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State Supreme Court considers OLR allegations against attorney

By: Jack Zemlicka, [email protected]//January 13, 2012//

State Supreme Court considers OLR allegations against attorney

By: Jack Zemlicka, [email protected]//January 13, 2012//

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Law firms that grant paralegals performance-based bonuses tied to the amount of money the firm wins for its client could be in violation of Wisconsin’s ethical rules for attorneys.

The Office of Lawyer Regulation has alleged that veteran Milwaukee personal injury lawyer Joseph Weigel, of Weigel, Carlson, Blau & Clemons SC, violated Supreme Court rules by compensating a firm paralegal through a system that uses clients’ gross recoveries as a factor in calculating the bonus.

Weigel, 77, faces a possible 60-day suspension of his law license. He appealed the case, which included two other unrelated charges, Friday before the Supreme Court.

At the hearing, OLR attorney Paul Schwarzenbart argued the practice could put clients at risk of not getting the attention deserved on a case.

“There is potential incentivization of settlements,” he said, “to maximize bonuses.”

But in an interview, Weigel said the method of payment isn’t unethical and is simply a way to promote efficiency in the competitive field of personal injury law.

“Everybody has got an incentive program of some sort to get the work done and get it done right,” he said.

The OLR complaint alleges that Weigel’s paralegal Eleonor Voloshin receives two forms of improper bonus compensation beyond her base salary, which is approximately $7.50 per hour. Voloshin earns 30 cents per $1,000, or three-tenths of one percent, on the gross recoveries from personal injury cases she works on with the firm, according to the complaint. She also receives a quarterly bonus of $1,500, plus $250 per $1,000, or 25 percent, of the difference between the average quarterly gross recoveries from personal injury cases she works on and a weekly goal of $127,500 per week.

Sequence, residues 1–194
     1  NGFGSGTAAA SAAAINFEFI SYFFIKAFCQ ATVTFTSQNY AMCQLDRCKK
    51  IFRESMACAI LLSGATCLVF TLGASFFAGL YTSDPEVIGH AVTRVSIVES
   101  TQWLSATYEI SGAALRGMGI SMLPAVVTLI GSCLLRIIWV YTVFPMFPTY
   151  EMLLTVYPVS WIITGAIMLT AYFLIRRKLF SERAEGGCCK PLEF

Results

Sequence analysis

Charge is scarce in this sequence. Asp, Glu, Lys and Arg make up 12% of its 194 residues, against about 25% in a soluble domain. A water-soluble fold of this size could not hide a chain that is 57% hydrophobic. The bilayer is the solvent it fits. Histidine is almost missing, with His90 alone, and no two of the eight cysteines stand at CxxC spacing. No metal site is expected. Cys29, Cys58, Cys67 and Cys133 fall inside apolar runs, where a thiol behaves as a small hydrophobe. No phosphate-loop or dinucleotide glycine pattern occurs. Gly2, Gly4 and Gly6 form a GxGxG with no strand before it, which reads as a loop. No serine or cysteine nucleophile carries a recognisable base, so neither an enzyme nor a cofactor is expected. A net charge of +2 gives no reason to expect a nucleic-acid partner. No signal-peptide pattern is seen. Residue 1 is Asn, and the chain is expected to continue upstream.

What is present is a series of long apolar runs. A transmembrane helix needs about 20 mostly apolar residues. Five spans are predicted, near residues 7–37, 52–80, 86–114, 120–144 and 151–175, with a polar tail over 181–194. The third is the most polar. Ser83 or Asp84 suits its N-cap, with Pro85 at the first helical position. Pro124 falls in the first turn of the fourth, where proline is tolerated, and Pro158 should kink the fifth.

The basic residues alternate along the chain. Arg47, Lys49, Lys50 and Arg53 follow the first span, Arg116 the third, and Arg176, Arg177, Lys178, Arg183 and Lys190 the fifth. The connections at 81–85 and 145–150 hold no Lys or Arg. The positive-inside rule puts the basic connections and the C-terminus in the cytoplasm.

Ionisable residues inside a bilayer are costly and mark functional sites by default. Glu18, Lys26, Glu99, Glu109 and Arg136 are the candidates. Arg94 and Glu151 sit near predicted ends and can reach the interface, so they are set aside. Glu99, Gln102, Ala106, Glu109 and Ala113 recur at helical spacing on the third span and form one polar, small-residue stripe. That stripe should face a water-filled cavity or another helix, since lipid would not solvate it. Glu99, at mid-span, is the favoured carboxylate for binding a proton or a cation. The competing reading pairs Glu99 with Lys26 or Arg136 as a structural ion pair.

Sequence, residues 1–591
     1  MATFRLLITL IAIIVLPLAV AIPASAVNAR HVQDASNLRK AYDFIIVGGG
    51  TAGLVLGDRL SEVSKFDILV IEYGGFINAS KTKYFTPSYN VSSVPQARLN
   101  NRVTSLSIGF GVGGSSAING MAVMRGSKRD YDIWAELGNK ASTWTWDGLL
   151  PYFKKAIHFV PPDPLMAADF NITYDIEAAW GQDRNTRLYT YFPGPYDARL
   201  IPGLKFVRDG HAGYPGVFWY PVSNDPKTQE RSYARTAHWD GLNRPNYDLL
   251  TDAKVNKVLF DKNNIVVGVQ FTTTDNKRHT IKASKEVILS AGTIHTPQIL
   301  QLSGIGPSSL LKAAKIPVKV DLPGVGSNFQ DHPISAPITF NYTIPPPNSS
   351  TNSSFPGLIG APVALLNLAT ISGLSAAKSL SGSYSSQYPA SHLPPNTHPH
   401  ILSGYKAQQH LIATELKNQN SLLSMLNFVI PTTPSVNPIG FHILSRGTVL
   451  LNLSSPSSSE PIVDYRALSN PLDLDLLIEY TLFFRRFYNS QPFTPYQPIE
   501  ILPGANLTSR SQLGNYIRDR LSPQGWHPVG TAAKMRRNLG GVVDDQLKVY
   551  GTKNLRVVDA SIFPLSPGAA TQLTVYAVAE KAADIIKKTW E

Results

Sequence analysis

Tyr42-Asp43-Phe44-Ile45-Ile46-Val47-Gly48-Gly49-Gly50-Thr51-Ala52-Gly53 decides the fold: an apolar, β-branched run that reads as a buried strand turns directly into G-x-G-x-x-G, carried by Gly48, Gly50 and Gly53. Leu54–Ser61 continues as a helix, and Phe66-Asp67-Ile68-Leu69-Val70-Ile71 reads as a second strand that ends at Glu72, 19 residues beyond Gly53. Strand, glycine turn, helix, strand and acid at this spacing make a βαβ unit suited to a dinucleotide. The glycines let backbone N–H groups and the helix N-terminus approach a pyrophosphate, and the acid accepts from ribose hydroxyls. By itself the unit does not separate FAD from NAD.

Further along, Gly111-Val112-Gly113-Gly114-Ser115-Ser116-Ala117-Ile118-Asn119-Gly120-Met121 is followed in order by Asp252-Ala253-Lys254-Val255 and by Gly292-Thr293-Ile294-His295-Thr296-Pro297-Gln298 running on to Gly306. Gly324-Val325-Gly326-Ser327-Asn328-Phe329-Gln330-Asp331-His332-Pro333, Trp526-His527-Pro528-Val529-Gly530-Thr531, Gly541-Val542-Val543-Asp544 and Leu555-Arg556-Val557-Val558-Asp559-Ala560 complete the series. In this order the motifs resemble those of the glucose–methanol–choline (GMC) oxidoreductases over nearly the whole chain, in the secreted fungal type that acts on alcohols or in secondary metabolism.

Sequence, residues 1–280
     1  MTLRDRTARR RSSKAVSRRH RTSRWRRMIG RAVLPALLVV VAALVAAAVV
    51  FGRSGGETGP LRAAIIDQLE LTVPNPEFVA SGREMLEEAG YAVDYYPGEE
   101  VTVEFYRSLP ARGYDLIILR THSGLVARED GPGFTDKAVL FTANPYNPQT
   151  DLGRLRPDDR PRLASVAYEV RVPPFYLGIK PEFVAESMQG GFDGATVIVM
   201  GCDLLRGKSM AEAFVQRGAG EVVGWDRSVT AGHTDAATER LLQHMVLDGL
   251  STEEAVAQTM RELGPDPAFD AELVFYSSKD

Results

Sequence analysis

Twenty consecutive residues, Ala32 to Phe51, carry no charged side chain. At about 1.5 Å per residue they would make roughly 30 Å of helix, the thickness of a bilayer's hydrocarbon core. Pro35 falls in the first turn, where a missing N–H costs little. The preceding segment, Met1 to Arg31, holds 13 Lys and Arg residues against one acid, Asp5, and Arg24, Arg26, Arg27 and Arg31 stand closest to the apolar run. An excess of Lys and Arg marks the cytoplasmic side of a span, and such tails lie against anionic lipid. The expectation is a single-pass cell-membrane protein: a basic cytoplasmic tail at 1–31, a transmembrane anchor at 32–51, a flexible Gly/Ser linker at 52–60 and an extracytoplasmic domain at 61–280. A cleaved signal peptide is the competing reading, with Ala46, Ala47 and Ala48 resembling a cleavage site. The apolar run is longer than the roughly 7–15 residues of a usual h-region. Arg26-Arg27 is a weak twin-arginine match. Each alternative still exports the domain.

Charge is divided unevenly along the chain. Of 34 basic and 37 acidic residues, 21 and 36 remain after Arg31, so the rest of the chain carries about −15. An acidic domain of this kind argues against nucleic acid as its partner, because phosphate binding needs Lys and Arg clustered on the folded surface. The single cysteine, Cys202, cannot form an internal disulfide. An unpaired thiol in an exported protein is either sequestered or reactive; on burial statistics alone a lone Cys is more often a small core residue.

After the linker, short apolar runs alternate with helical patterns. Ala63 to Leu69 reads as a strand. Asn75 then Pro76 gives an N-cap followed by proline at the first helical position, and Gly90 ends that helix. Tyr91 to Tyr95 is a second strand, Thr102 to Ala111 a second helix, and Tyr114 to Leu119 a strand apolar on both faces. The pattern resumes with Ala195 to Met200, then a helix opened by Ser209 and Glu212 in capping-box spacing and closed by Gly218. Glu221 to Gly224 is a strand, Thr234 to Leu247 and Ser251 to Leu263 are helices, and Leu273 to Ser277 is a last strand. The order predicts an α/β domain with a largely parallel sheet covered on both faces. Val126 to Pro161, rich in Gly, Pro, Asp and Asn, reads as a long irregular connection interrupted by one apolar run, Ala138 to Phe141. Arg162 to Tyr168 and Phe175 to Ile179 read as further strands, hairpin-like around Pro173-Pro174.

While the rule permits performance bonuses for paralegals, Schwarzenbart said the system Weigel used too closely resembles fee sharing, which is illegal.

“The problem is that it’s based on gross recovery,” he said. “The paralegal is getting a piece of the action that is part of the contingent fee.”

Veteran Milwaukee personal injury lawyer Angela Dentice, of Pitman, Kyle, Sicula & Dentice SC, said she has never heard of contingent-fee firms attaching employee bonuses to client recovery.

In her experience working with four different personal injury firms during her 22-year career, she said, performance bonuses to paralegals and other firm staff are given at the discretion of the partners.

“I don’t know of any incentive-based bonus programs,” Dentice said. “In my experience, bonuses given to paralegals are based on how the firm did in a particular year.”

Dentice declined to comment on Weigel’s case or whether she thought his system was unethical, but said it’s not a method she would use to award bonuses.

“This practice of trying to work through cases quickly and get them to a lawyer,” she said, “personally, I would never want to espouse, because I think it’s important for paralegals to do a thorough and complete job. Sometimes it’s done quickly, but other times it can take months or years.”

Weigel said no clients have complained about the compensation system and it doesn’t decrease attention paid to cases.

“I don’t see where there is any need to change,” he said. “I haven’t seen this problem arise or anyone be prosecuted for it.”

Incentive to take photos at an accident site, obtain medical records and request police reports in a timely manner are paralegal jobs that should be rewarded if done well, Weigel said.

“It isn’t a matter of getting cases resolved,” he said. “It’s a matter of preparing the cases properly.”
A decision from the court is expected later this term.

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